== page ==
Hackers from within the Anonymous collective claim to have broken into a server used by the Federal Emergency Management Agency (FEMA) and say they will release the stolen data in what would be one of the highest-profile security breaches since the release of secret NSA documents by Edward Snowden.
In a document shared with GlobalPost on Tuesday night and published online Wednesday, the hacker collective revealed data that includes information on user accounts and passwords of what appear to be government employees. Several of the email addresses linked to those user accounts are hosted on .mil and .gov domains.
FEMA did not respond to requests for comment from GlobalPost on Wednesday.
Anons, as the hackers are known, involved in the breach say they are looking to assert themselves as a force to be reckoned with following global crackdowns on hackers. In addition, they want to call attention to government collusion with the private sector in for-profit information security initiatives.
More from GlobalPost: DEA undertakes first ever seizure of bitcoins by US law enforcement officials
“Anonymous does not wave the white flag. Not while we are faced with a daily stream of abominable revelations from Edward Snowden and others, not while the battle for the very soul, the very original purpose, of the internet escalates in severity daily,” read a statement by a representative of Anonymous and obtained by GlobalPost.
But above all, they are sending a message to the US intelligence community and their allies.
“There is a complex web of ties between companies likes Obsidian Analysis and government agencies, an incestuous crossover of money and influence,” one Anon told GlobalPost. “We intend to not only expose these links but also to delve as deeply as possible into the individual players.”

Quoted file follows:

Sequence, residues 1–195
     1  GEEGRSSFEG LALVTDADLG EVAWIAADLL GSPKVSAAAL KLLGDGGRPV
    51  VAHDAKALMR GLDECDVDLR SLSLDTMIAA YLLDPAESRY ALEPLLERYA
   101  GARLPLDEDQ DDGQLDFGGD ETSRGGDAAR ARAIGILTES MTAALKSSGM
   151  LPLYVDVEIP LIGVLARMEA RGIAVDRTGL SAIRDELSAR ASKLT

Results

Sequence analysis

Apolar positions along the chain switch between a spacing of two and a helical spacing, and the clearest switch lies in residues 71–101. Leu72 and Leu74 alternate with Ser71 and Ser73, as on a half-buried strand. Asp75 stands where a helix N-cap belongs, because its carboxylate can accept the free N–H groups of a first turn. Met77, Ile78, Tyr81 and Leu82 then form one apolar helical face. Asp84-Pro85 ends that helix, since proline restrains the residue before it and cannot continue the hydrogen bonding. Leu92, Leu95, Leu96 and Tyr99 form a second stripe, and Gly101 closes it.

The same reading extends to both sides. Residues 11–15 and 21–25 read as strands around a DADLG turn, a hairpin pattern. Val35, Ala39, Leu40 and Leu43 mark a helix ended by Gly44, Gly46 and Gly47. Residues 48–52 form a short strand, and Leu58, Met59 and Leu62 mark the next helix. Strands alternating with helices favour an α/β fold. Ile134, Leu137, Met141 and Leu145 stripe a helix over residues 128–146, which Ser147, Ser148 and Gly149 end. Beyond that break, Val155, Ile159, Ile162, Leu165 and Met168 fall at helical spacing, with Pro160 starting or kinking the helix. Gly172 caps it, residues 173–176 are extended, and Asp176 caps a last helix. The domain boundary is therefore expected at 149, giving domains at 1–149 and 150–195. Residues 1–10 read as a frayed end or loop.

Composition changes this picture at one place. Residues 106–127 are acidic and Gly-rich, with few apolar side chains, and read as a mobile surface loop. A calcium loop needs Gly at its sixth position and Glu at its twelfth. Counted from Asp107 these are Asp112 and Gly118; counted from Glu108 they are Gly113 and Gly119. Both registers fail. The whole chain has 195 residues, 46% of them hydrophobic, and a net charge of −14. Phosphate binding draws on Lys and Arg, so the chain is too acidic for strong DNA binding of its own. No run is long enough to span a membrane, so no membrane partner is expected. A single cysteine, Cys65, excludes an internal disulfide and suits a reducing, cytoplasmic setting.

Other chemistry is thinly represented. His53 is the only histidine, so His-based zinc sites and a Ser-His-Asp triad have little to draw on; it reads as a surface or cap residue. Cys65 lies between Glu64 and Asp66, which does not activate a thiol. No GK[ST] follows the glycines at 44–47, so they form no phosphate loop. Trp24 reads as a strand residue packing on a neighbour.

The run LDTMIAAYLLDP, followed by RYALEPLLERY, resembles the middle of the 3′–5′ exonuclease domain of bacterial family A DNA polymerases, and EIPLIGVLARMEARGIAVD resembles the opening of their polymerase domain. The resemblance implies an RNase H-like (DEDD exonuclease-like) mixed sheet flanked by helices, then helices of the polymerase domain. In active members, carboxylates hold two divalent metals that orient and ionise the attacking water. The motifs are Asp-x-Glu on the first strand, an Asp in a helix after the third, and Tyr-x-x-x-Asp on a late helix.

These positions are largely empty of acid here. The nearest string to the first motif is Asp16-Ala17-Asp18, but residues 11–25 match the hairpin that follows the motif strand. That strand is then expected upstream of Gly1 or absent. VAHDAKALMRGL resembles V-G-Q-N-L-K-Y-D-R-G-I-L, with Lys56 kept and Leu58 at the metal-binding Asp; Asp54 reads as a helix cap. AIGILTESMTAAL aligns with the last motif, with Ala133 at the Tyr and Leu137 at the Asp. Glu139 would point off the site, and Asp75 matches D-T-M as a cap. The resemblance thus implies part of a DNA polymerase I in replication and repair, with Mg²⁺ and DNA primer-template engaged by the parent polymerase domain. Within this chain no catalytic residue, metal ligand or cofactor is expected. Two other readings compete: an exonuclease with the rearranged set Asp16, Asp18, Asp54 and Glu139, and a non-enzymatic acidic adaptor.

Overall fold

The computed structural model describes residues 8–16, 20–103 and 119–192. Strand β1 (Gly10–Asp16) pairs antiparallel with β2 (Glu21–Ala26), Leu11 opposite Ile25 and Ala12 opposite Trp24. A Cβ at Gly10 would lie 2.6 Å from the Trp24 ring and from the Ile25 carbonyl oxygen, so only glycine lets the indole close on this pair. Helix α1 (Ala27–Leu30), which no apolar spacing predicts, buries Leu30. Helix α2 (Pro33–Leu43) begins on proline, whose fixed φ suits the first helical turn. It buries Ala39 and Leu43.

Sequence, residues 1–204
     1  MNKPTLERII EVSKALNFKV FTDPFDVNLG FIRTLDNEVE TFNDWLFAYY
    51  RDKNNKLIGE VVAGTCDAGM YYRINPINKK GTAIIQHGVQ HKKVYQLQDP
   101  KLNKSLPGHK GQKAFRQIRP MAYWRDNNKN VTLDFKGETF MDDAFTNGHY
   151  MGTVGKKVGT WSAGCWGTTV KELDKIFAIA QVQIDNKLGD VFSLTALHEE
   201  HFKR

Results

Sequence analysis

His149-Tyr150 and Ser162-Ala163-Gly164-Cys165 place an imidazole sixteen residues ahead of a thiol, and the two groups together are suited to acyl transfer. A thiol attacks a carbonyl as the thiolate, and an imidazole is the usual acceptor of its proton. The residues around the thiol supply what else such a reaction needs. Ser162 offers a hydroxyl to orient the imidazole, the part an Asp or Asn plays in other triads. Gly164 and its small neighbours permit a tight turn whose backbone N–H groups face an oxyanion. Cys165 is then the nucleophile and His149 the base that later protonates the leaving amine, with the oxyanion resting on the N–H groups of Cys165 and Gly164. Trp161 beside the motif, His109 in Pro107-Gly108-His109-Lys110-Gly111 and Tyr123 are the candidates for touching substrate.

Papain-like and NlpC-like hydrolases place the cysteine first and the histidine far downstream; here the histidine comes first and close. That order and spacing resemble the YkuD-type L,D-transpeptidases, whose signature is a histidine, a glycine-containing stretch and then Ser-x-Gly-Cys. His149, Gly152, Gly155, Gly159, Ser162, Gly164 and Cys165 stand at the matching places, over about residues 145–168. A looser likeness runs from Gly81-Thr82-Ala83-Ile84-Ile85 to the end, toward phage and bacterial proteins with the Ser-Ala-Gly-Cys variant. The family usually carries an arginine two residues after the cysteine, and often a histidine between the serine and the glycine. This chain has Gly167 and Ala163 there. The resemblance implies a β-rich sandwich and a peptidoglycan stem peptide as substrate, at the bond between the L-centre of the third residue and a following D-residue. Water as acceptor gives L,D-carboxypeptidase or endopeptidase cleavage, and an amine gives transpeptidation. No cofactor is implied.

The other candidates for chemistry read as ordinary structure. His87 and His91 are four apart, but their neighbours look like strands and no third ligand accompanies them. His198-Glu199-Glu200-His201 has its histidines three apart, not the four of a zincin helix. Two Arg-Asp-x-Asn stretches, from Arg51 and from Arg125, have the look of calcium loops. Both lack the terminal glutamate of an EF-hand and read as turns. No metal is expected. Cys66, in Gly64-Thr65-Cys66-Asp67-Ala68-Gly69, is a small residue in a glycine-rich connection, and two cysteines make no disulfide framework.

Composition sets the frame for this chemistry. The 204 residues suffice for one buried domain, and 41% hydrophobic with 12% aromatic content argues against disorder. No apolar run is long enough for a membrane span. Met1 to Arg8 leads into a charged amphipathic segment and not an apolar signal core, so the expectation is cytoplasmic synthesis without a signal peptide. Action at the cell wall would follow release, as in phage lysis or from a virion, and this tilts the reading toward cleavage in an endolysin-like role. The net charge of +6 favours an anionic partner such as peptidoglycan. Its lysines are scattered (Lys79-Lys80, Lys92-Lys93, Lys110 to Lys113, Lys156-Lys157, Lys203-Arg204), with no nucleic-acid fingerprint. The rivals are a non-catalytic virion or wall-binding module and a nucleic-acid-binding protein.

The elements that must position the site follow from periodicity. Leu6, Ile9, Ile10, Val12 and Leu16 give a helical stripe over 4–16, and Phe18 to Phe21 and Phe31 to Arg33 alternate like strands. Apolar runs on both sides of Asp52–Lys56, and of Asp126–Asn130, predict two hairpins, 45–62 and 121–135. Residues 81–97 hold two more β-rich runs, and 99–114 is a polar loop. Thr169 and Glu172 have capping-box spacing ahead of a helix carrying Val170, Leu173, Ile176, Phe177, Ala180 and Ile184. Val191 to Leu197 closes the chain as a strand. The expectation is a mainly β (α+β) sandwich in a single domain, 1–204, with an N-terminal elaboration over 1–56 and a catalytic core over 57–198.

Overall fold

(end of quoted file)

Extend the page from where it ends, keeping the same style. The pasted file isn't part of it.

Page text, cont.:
In its statement, the collective draws attention to a 2012 “National Level Exercise” undertaken by Obsidian Analysis, a company contracted by FEMA to test national disaster responses to a major cyberattack, as a prime example of the consequences of those links. In a simulated cyberattack, Obsidian created a mock news broadcast detailing an offensive launched by “the Void” — a fictitious group of hacktivists that closely resembles Anonymous.
In the mock video, actual journalist and former CNN correspondent Jeanne Meserve played an anchor. “A network of hacktivists known as The Void today threatened to unleash, and I’m quoting here, ‘a global day of extreme action against US interests and organizations, both private and government-related,’” she read.
Watch her remarks in full:
A few months following the “successful” exercise in cyberattack response, FEMA Chief of Staff Jason McNamara joined Obsidian Analysis as vice president. For the hackers, the quick switch from the public sector to a closely associated private contractor was enough to raise suspicions of collusion. Anonymous alleges that McNamara’s transition to the private sector is evidence of a profit-driven motive for the escalation of cyber warfare.
More from GlobalPost: Big Data: What NBA stats can teach you about NSA surveillance
Anonymous has suffered from infighting and confusion in recent months, resulting in sloppy hacking operations like OpNorthKorea. In that operation, intended to be an attack against what is deemed to be a dictatorial North Korean regime, several South Korean sites were hacked, but promises to reveal secret North Korean military documents were never fulfilled.
But this fresh attack against FEMA, a US target, more closely resembles the powerful and organized Anonymous of old. In contrast to Anonymous Twitter campaigns that openly advertise pet political causes, this attack was meant to come as a complete surprise and to embarrass a powerful US government entity.
Members of the hacktivist group insist it's a public service.
“Quis custodiet ipsos custodes?” one Anon said to GlobalPost, using a Latin phrase meaning, “Who watches the watchmen?”
“Anonymous can guarantee that we are watching” the US intelligence community, the hacker added.